The little stars dance in a silver ring,
And twitch at the beard of the Comet King,
Till he stamps in his rage and pain,
   Then the moon will laugh 
   Till it splits in half.
And becomes a crescent again. 

Over the edge of the world,
How the big bear rolls in the blue and grunts
When the meteors shoot or Orion hunts, 
A faithful watch the Dog Star keeps
   Against theft or loss
   Of the Southern Cross,
While the beautiful Venus sleeps.   

Over the edge of the world,
I would like to take a big jump some day, 
To trundle my hoop through the Milky Way,  
Right into the heart of the sun,
   From his burning bars  
   Snatch the cool, white stars, 
And cuddle them everyone.  

First published in The Australasian, 8 June 1907

Author reference sites: AustlitAustralian Dictionary of Biography

See also.

The Poet's Garden by Zora Cross

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When in the long lagoons of slumber sink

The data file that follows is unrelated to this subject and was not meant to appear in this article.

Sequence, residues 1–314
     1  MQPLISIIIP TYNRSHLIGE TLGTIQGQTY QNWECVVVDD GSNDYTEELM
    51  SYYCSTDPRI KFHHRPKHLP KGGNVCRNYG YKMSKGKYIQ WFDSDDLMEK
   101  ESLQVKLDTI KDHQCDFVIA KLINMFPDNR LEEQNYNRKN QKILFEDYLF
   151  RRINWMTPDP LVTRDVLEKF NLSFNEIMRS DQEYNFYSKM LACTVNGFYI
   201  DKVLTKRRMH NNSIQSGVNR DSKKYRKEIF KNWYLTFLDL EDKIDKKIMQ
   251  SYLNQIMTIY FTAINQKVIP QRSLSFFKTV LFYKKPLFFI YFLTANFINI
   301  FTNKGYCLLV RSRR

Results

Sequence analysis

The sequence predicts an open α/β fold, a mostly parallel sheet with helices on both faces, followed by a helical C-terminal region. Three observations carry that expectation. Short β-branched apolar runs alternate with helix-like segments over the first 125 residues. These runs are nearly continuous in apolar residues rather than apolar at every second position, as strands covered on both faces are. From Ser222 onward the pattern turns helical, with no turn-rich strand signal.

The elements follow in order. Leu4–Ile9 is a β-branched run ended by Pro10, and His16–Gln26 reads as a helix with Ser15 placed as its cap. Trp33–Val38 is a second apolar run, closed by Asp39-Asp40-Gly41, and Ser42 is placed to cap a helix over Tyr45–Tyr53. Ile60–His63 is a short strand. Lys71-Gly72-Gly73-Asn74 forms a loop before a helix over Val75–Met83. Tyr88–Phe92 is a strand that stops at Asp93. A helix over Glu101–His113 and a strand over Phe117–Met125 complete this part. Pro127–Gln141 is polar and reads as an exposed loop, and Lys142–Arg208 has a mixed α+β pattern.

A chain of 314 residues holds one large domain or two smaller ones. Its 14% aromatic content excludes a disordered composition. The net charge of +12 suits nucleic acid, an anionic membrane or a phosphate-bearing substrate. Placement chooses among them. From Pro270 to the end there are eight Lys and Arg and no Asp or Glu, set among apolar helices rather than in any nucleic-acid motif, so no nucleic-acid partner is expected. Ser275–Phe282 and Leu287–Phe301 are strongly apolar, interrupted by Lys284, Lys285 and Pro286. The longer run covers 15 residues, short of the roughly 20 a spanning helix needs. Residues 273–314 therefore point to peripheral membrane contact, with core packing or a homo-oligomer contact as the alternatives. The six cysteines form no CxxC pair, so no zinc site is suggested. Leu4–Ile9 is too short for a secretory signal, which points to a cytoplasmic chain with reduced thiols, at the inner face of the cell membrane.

The tired flocks of men surrounding me,
On naked feet I walk the lilac brink
   Of my own Memory.

And in an alley of the hanging air
   Dim blossoms of a garden softly swing
Love lyrics, happy odes, and sonnets fair
   Through my Imaginings.

I lean my cheek upon the garden rail
   Tasting the fragrance of that company,
Who through the ferny aisles and angles trail
   White Immortality.

Odorous daisies from far milky meads
   Waft o'er my wall the innocence of Truth,
And from a pool asway with rhyming reeds
   I breathe eternal Youth.

Oh haply, in some velvet noon of night,
   A glimmering hand, flower-full, will soft unclose,
And slipping through the silence, filmy-light,
   Drop on my heart a rose.